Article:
Book Series: IRISH BLUE Author: Sheila Willar Copyright: 2022 Sheila Willar ISBN #: 978-0-9867101-4-8 Book Title: THE CHAPEL Chapter #: 05 - THE CHAPEL
BOOK 1 - CHAPTER 5 - THE CHAPEL
Erin told Kelly about the note from Mrs. Mancinni.
“I could go with you,” offered Kelly. “I’ve been trying to contact her anyway. I’m supposed to ask her where she wants to sit at the wedding.”
“Good luck with that.”
“She’s Peter’s grand-mother and he wants to make sure his gran has a good seat.”
“Do you think she knows I’m related to Maggy?”
“I doubt it. Peter says that sometimes she barely knows he exists.”
Early the next morning a Mancinni company car, drove Erin and Kelly into the country, and after about an hour they arrived at a large iron gate, that graced a winding path through a tunnel of lush trees.
They stopped in front of a stone house and Mrs. Mancinni was already outside to greet them.
She was dressed in bright layers of lemon and lime, and she was not alone.
“This is my grand-daughter Errin,” announced Astor.
They all laughed that Erin and Errin had the same name, except for the “r’s”. They even looked alike.
Mrs. A quickly corralled Erin to herself and asked her grand-daughter to take Kelly to see the horses at the stables. Erin wished that she could go with them.
“Come with me!” commanded Aster.
Erin followed obediently as she listened to Mrs. Mancinni’s life story.
“My husband John is away with my son Alexander, circling the globe looking for new quarries.”
“When he returns next week, we are going to renew our vows. He doesn’t know that yet, but we are.”
Astor had plans for her absentee husband, and wanted Erin to help with a restoration project in the chapel that was on their property.
Together they meandered through a maze of gardens and trails, until they came to a tall rock wall, with a weathered wooden door.
Astor smiled and motioned for Erin to go through first.
Erin opened the door and drew in a deep breath.
The sweeping view revealed a rolling meadow, blanketed with amber wheat grass, and crowned on the horizon with a sapphire blue sky.
In the centre of the meadow, almost hidden by a family of oak trees, nestled the most lovely stone chapel that Erin had ever seen.
Its profile was so low that it could almost pass as a root cellar, but the central spire gave it away. Erin couldn’t hide her excitement and asked if she could run ahead.
“Go on!” encouraged Mrs. A with a visible sigh of relief.
When Erin reached the chapel it flickered in the dappled light from the trees, and wild flowers danced around its perimeter.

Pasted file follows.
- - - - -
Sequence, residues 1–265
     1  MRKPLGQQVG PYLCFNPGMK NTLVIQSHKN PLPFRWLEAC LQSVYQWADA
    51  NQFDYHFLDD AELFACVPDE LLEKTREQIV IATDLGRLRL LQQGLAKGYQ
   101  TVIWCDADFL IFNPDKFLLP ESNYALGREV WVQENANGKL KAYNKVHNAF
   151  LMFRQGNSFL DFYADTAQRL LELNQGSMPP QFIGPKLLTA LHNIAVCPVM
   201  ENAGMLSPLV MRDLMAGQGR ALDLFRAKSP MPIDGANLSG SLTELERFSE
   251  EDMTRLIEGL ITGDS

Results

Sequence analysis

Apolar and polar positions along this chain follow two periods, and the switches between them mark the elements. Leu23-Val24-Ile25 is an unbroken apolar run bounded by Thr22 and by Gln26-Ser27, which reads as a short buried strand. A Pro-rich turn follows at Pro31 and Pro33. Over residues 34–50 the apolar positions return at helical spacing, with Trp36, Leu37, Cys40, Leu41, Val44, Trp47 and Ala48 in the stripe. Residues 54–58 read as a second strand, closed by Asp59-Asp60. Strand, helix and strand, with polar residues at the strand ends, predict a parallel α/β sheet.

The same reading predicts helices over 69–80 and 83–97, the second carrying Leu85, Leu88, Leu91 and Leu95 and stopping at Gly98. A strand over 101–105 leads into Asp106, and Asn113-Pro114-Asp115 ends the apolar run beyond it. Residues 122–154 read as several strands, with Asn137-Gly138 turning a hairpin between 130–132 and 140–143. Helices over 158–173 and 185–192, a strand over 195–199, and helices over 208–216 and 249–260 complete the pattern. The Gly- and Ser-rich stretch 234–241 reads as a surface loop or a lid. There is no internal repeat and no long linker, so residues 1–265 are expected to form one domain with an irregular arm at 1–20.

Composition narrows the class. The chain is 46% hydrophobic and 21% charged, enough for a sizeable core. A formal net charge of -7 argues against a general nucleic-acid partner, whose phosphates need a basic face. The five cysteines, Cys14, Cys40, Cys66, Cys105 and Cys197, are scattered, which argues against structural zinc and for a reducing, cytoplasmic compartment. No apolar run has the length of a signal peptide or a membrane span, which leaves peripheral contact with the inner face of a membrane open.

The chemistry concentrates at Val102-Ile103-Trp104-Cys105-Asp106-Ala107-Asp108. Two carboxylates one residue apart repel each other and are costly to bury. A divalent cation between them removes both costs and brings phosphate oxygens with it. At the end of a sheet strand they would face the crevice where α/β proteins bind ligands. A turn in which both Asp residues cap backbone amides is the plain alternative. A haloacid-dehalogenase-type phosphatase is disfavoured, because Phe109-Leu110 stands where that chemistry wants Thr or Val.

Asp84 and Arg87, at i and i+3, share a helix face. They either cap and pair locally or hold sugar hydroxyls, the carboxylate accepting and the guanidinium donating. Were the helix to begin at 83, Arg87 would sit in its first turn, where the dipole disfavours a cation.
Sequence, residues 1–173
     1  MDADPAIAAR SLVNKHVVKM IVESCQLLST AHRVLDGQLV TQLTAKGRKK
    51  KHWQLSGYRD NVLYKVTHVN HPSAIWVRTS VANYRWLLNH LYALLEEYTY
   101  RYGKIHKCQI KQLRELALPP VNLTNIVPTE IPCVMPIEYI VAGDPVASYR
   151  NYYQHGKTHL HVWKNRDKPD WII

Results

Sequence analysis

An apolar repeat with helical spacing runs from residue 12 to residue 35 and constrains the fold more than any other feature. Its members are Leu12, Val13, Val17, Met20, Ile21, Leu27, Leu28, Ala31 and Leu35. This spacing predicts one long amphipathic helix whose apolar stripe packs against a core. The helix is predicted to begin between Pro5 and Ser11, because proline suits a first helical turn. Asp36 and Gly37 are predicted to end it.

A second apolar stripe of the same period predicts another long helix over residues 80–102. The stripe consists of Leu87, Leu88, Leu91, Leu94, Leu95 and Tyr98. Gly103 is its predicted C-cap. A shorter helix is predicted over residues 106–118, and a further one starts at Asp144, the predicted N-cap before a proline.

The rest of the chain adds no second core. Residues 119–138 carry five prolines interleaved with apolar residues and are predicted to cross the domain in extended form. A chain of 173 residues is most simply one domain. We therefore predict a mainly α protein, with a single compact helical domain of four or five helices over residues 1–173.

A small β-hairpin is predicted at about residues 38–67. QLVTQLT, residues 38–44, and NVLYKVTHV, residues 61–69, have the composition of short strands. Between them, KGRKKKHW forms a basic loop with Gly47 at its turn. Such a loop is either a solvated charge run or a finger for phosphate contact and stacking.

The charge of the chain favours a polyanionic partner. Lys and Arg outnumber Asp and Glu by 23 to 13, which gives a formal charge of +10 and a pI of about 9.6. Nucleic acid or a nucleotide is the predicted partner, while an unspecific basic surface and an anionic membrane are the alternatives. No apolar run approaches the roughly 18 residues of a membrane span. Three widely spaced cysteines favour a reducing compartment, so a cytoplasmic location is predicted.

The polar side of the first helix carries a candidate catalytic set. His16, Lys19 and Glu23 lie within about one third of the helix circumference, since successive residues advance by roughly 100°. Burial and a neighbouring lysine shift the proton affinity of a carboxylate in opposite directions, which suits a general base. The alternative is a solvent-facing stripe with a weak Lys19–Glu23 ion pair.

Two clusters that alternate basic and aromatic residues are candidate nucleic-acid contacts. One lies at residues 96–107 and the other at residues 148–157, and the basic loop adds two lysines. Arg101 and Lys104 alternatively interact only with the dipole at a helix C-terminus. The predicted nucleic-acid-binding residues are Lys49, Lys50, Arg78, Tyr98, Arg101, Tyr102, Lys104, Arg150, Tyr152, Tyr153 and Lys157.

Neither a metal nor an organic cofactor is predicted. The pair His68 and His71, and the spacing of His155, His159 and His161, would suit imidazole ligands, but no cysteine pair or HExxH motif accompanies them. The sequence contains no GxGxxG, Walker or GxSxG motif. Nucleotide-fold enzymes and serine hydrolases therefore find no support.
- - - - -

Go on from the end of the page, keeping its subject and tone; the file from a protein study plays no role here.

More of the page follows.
Yellow buttercups were spread randomly throughout the chapel yard and patches of ocean blue forget-me-nots filled the shadows that lay under the eaves.
A gentle breeze made the whole image sway back and forth as if to say “welcome.”
She had never seen such a beautiful example of a country chapel.
It was shaped like a cross and was built from large hewn grey stones, that looked as if they had been tumbled to soften the edges.
The window sills, cornerstones and mouldings were also a large scale and gave a solid feeling to the structure.
It looked as if nothing could unseat it from the land.
The V-shape slate roof lay gracefully under the soft shade of the oak trees, that stretched their limbs above its peak, and at the centre stood a weathered wooden cross that rose above a simple bell tower at its base.
Astor was out of breath as she made her way to the chapel.
“It was all brought here from Ireland. Every piece of it,” she huffed.
They went inside and walked down the centre aisle to stand at the crosshairs of the four sets of doors.
“Look down,” urged Astor. “This is why I brought you here.”
Beneath them lay the outline of a compass, beautifully carved into a layer of Irish Blue stone.
“I need you to repair it.”
“Repair what?” asked Erin, still not getting the whole picture.
“The Irish Blue of course,” stated Mrs. Mancinni. “It’s the original flooring that was brought over from Ireland. It’s damaged and needs to be fixed. Right away!”
Erin had no idea how to repair priceless stone-work, and was about to say so when a monk, dressed in a brown robe with an ivory belt, walked into the chapel from a side entrance.
“Oh Fenton. How are you today?” sang Astor. “Did you get the tea that Lilly left for you?”
“Why shouldn’t she have her very own monk?” thought Erin sarcastically.
Without so much as a nod, Mrs. A and Fenton disappeared out the south entrance and spent the rest of the day planning her wedding.
Astor and Fenton had met at a funeral in Rome a few weeks ago, where she chipped away at the armour of his calling, until he finally agreed to return to New York with her.
Erin did not know what to do next, so she decided to catalogue the damaged stone by taking pictures of it for her supervisor.
As she turned to leave, a wisp of dust fell on her nose and she heard a voice pronounce, “Look up!”
In a reflex response she peered up through the centre of a chandelier, and for one immeasurably small instant, she thought she saw a perfect white light.
It was so bright and pure and almost “living” that she wanted to scream out loud, but caught herself and held her breath instead.
She was shocked by the intensity of the moment and ran out of the chapel, and kept on running until she reached the rock wall at the bottom of the meadow.
Carefully she found her way back to the main house, by remembering the gardens and sculptures that she had seen earlier.
Eventually she saw a glimpse of the weathervane that was on top of the stable, and she felt a sense of relief in hopes that Kelly and Errin would still be there.
Friends and horses were exactly what she needed to soothe her rattled soul.